Leptin is a hormone that is produced by fat cells and communicates with the central nervous system through leptin receptors in the hypothalamus. Reduced production of leptin, or lack of sensitivity of the hypo-thalamus to leptin, may regulate food intake and play a key role in the etiology of rare forms of obesity in humans. Leptin and the other peripheral hormones with a central effect on appetite are divided into two broad categories: (1) the so-called adiposity signals, which are tonically active providing information on body fat stores to the CNS and (2) the satiety signals which are released in response to food intake and are thought to be involved in short-term regulation of energy intake. Currently known adiposity signals are insulin, leptin, and adiponectin, which are considered as long-acting signals reducing energy intake. Among the satiety signals are the hunger hormone ghrelin, which is secreted in the stomach, and the short-acting gut- and pancreas-derived satiety signals CCK, peptide YY (PYY), GLP-1, oxyntomodulin (OXM), and pan-creatic polypeptide (PP). Many of the peripheral satiety signals have receptors in the arcuate nucleus (ARC) of the hypothalamus, which plays an impor-tant role in appetite regulation. The ARC contains neuropeptide Y (NPY)- and agouti-related peptide (AgRP)-expressing neurons acting to stimulate food intake along with the adjacent pro-opiomelanocortin (POMC) and cocaine- and amphetamine-regulated transcript (CART)-expressing neurons which inhibit feeding. Besides the ARC, the nucleus of the solitary tract (NTS) and the area postrema (AP) receive appe-tite-regulating inputs from vagal afferents and circu-lating factors and are connected to the hypothalamic nuclei controlling food intake.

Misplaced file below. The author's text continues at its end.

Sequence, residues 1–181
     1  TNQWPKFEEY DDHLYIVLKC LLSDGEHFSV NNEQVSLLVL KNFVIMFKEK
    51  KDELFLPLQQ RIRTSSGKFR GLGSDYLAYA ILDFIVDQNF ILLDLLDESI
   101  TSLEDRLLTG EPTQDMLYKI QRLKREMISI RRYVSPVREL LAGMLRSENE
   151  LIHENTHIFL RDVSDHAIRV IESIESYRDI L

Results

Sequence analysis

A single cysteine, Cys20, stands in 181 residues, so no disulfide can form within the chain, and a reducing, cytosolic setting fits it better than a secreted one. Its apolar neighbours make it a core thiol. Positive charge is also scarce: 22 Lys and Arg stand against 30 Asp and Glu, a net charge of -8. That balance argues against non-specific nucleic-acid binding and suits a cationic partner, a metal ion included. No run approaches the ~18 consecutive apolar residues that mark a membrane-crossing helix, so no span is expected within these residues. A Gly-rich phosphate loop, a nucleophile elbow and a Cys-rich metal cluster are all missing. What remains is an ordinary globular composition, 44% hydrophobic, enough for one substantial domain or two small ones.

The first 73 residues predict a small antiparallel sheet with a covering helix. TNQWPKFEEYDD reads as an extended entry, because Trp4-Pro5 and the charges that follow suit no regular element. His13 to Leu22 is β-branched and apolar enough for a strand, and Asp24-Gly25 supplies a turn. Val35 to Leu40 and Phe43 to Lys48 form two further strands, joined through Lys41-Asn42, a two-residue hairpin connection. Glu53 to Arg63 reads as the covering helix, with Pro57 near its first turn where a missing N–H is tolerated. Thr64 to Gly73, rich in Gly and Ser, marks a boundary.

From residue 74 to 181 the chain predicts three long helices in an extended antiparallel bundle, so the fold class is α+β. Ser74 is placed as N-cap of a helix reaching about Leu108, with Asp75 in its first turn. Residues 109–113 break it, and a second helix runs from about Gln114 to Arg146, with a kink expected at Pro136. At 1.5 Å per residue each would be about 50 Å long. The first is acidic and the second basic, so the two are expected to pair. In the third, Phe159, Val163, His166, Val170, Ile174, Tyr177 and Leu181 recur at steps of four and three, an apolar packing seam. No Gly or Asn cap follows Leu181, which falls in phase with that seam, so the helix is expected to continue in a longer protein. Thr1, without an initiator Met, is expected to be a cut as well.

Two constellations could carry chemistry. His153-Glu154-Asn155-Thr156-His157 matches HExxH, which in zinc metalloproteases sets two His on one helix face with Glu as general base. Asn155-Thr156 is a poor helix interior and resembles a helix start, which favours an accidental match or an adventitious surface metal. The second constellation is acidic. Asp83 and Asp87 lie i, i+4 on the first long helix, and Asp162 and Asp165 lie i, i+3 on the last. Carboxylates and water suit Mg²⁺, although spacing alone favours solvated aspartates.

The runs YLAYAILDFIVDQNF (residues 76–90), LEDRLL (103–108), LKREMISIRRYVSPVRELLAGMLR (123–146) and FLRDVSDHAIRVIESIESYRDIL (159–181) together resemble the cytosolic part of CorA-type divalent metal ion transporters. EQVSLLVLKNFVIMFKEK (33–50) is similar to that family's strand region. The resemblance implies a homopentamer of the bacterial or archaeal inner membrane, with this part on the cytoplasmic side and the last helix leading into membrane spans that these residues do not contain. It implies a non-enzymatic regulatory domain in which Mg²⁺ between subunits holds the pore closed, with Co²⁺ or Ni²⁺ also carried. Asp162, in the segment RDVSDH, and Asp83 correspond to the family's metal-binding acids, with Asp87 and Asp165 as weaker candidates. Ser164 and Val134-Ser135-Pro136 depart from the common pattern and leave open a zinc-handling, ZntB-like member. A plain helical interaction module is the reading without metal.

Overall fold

Various nonphysiological or external factors are also known to modify food intake, and these effects may be mediated through the intrinsic factors described above. Psychological factors such as depression may lead to either increased or decreased food intake, or changes in the consumption of specific types of foods. Environmental factors are also important, the most obvious being food availability. Even when food is available, some of the specific properties of foods make them more or less appealing, thereby modifying food intake. Important physical characteristics of food include taste, texture, color, temperature, and presentation. Other cultural influences in the envi-ronment, such as time of day, social factors, peer influence, and cultural preferences, can also play a role in influencing food intake.